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Before-dawn vigil brings front-row reward

Leaving home in Dover, N.H., at 3 a.m., Kyle Crouse thought she'd be the first to claim a prime viewing spot on Cambridge Street for yesterday's Red Sox victory parade in Boston. But to her surprise, Shaina Rainville had beaten her there -- not by a few minutes, but by eight long hours.

''She was sound asleep when I got here. Just lying on the ground," said Crouse, 49, shaking her head.

''We were here at 11:30 last night," said Rainville, 20, a Lasell College student who camped out on a cold sidewalk Friday with her friend Shelbe Wright to cheer for Red Sox second baseman Mark Bellhorn. ''We talked to the cops. We watched the people setting up the barriers. We basically froze. But we've been waiting for this moment since we were little. Even if they win next year, it won't be like this again."

For thousands of eager Red Sox fans, getting a good seat to watch history in the making wasn't good enough. It was the front row or nothing for yesterday's parade, no matter how early they had to arrive.

By the hundreds, fans began plopping down folding chairs on sidewalks from Boylston Street to the Boston Common to the Esplanade hours before dawn. Huddling for warmth inside tents or sleeping bags or parked cars, many watched sleepily for Dunkin' Donuts to open at 5 a.m. so they could buy their morning coffee. Others played cards, read books, sneaked alcohol, drew posters -- anything to pass the time until the parade began.

Mary Tarantino and her crew, who arrived in Boston in the middle of the night from Wallingford, Conn., savored the moment by walking around Fenway Park and posing for photos alongside a statue of Ted Williams, while the ancient ballpark was still quiet and dark.

Tarantino hadn't envisioned arriving in Boston so early until she and her traveling mates got swept up in Friday's preparade euphoria.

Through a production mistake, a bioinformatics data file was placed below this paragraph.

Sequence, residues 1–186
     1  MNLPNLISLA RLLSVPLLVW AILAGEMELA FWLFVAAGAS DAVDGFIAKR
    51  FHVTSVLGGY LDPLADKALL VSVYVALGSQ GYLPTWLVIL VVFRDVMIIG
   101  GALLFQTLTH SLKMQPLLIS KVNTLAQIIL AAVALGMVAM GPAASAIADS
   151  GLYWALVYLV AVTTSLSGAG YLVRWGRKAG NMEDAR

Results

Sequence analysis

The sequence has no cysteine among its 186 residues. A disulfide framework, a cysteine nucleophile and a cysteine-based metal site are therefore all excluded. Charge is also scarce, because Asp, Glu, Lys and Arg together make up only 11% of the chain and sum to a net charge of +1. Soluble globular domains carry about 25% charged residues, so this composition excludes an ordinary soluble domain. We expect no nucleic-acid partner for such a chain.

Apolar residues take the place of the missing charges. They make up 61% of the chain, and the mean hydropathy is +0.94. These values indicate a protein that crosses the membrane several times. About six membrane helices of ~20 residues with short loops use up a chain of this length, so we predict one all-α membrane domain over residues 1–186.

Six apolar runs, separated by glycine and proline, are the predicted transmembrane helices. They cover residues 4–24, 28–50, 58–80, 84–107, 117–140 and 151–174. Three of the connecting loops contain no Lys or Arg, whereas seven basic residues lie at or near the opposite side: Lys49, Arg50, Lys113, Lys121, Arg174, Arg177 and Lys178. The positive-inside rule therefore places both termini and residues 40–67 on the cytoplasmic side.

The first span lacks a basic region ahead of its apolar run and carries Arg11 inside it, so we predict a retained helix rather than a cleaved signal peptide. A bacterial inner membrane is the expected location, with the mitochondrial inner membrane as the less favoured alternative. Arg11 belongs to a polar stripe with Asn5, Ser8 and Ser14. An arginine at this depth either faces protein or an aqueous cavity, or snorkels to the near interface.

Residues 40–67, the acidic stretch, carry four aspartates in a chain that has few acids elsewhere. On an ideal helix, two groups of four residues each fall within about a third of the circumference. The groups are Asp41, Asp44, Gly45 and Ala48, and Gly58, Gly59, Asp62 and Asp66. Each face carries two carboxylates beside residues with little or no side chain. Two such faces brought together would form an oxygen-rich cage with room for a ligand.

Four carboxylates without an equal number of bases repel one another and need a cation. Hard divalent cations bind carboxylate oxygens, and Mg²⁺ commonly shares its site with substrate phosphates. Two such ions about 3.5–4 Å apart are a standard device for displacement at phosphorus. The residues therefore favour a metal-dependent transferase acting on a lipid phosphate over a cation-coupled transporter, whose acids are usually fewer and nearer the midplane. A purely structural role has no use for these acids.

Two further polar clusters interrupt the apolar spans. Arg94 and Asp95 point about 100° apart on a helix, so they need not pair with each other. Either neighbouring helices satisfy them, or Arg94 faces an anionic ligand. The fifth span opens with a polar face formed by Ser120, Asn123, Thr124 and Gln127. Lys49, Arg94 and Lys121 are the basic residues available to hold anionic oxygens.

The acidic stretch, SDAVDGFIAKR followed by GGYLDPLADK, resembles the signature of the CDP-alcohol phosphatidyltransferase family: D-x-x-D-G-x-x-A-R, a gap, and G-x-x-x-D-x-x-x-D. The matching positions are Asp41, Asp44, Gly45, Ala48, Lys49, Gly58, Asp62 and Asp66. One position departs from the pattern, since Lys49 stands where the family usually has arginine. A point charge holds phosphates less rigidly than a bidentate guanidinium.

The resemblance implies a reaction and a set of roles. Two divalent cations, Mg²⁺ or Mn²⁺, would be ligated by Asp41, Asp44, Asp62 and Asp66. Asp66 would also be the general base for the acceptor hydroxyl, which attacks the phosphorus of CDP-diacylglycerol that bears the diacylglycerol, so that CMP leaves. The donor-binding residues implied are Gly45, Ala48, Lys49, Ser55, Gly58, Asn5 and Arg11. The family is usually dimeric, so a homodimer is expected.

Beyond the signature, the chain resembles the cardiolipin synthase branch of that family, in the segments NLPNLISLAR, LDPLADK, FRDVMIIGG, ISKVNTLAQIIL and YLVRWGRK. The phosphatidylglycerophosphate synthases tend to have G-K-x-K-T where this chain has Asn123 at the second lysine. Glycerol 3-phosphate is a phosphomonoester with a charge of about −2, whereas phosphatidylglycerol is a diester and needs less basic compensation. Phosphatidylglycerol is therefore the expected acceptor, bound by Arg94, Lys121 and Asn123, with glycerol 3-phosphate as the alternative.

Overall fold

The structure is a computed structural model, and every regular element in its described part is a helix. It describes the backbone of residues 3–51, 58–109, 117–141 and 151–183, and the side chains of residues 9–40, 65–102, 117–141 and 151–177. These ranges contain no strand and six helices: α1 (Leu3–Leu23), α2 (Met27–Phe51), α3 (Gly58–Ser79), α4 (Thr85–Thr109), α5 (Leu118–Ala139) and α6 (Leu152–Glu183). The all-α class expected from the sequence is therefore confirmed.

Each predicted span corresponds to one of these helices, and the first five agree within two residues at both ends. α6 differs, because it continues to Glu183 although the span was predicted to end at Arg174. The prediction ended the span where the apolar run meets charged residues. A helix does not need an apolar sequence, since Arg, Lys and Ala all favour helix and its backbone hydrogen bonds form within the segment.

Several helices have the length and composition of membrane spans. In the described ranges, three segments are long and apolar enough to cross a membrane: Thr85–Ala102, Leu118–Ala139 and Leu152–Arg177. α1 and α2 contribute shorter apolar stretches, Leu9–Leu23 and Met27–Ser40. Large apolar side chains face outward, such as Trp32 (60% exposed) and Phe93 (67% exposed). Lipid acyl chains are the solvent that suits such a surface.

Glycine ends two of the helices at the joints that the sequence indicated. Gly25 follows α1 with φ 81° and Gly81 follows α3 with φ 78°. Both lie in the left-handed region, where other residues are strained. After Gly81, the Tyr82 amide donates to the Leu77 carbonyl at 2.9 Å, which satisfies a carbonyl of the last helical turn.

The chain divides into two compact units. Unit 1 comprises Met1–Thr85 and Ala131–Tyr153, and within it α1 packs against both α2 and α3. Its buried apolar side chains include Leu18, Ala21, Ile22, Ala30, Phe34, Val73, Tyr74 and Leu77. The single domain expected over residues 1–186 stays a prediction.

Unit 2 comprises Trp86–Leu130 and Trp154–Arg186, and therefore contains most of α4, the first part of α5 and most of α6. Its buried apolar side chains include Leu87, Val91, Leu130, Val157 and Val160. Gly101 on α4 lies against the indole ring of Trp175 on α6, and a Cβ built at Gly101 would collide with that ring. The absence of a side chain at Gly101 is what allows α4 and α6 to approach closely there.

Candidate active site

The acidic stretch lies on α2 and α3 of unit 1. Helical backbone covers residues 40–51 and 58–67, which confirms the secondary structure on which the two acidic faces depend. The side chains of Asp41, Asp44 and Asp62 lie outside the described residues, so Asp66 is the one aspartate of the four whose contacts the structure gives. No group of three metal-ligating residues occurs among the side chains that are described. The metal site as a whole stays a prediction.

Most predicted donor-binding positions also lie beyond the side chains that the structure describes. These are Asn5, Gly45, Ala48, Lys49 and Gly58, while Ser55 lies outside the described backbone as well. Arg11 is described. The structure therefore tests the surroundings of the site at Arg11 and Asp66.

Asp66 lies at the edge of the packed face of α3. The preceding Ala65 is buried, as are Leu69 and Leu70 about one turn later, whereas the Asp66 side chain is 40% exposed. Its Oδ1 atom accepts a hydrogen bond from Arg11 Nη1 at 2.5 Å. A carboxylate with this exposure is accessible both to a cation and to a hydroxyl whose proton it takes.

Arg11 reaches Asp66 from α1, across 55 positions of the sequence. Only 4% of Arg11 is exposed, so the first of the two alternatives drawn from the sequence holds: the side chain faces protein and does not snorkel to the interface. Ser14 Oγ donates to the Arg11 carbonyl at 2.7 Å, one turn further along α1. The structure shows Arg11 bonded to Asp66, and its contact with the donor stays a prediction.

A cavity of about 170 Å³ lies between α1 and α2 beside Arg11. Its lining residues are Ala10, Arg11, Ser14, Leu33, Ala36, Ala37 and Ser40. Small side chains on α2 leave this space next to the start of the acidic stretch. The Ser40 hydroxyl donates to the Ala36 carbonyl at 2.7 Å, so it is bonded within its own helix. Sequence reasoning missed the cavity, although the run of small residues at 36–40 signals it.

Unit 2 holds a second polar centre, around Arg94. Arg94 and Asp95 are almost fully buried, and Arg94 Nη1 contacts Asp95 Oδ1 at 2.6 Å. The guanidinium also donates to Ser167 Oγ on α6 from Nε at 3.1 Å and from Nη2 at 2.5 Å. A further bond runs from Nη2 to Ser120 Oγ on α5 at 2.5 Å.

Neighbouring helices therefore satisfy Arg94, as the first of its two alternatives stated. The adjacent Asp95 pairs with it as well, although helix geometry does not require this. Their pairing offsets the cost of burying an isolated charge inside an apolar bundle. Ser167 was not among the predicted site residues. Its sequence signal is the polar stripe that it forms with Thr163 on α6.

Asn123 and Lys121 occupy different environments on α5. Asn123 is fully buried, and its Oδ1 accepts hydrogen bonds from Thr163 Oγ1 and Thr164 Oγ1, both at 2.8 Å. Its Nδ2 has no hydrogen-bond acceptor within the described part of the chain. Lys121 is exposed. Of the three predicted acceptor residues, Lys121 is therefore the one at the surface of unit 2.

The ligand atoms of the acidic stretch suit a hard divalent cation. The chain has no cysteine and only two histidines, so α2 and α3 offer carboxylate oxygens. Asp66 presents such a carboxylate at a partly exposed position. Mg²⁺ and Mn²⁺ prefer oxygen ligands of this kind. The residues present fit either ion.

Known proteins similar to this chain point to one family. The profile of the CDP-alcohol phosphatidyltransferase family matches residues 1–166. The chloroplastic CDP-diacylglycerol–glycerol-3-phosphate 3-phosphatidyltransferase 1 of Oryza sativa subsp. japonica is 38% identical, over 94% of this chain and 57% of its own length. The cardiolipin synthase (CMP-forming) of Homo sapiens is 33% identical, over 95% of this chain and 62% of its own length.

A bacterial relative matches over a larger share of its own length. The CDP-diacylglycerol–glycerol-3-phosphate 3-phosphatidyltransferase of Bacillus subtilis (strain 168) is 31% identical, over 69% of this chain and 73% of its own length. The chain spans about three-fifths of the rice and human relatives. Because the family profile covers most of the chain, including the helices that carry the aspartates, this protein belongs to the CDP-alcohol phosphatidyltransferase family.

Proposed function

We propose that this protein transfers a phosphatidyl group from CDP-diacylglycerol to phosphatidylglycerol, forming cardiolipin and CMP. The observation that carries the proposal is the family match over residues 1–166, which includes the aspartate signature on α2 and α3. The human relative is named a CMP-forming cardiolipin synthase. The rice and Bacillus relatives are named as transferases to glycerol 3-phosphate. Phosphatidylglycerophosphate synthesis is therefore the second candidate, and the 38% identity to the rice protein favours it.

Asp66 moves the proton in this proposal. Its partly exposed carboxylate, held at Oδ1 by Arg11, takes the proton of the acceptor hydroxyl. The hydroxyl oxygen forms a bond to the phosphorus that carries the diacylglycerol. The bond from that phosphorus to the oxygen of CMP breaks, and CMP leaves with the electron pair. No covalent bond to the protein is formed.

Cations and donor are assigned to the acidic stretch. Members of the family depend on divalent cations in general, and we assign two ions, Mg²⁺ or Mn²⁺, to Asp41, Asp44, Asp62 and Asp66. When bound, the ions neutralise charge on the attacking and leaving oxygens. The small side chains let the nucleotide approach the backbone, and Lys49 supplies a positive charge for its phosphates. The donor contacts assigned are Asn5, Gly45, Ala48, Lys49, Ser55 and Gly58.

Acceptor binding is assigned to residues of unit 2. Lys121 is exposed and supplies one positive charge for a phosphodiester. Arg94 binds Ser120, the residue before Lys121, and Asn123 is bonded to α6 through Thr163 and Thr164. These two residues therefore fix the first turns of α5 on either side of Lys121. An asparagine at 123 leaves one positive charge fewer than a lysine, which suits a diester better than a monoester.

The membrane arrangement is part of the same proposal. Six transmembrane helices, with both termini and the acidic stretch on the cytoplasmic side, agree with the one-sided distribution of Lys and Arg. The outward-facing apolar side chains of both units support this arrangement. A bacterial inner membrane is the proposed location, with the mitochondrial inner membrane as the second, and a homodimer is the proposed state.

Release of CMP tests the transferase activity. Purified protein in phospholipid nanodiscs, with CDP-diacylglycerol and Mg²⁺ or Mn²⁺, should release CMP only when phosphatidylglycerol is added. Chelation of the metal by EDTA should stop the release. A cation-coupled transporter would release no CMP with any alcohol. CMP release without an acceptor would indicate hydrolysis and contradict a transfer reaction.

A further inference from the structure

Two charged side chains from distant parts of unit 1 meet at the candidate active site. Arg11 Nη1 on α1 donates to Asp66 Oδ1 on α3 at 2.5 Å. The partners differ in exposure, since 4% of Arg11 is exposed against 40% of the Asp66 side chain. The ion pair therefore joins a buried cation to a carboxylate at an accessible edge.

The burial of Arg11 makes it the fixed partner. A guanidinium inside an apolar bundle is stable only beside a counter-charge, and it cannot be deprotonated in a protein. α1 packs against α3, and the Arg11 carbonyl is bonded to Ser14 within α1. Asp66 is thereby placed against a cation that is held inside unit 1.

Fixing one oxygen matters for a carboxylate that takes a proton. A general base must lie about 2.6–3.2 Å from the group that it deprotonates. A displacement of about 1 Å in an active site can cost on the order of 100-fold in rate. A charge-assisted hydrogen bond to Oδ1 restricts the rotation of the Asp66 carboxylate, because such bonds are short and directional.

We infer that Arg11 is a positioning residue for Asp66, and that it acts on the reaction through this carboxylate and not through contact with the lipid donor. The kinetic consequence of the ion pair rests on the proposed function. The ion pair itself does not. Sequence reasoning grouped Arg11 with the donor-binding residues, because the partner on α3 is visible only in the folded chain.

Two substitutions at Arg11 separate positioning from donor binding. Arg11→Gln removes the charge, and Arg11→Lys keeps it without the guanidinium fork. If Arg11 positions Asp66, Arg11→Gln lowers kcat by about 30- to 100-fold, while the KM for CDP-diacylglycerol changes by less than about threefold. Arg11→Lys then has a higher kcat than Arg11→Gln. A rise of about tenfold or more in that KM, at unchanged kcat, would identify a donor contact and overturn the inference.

''It started out that we were going to leave at 4 a.m.," she said, minutes before doing the wave with fellow fans along Boylston Street as the parade began. ''Then it was 3 a.m. Then 2 a.m. All of a sudden, at 1 a.m., we just jumped in the car and came."

''This is history," said Al Herget, 52, who drove the group's van and inspired the early departure from Wallingford. ''I couldn't get tickets to the games, so this is the best we could do."

Aaron Johnston and his pals, who arrived on Boylston Street about 10:30 Friday night from Albany, N.Y., passed the hours by playing whiffleball in a McDonald's parking lot near Jersey Street, where it even snowed a few flakes around 3:30 a.m.

''We're a bunch of idiots," said his friend Steve Dunn, 32, remarking on their tiring, all-night venture. ''Just like the Red Sox."

Snow, rain, cold, and uncomfortable cement sidewalks did not drain the energy of paradegoers, even those who waited the longest to see their favorite players ride by on a duck boat.

Andrew Lindsey, 8, of Lynn, was asked how tired he was on a scale of 1 to 10 after rising at 4:45 a.m. to get to the parade. ''Five," he said after a moment of thought.

Asked how excited he was, he didn't hesitate. ''Ten," he said.

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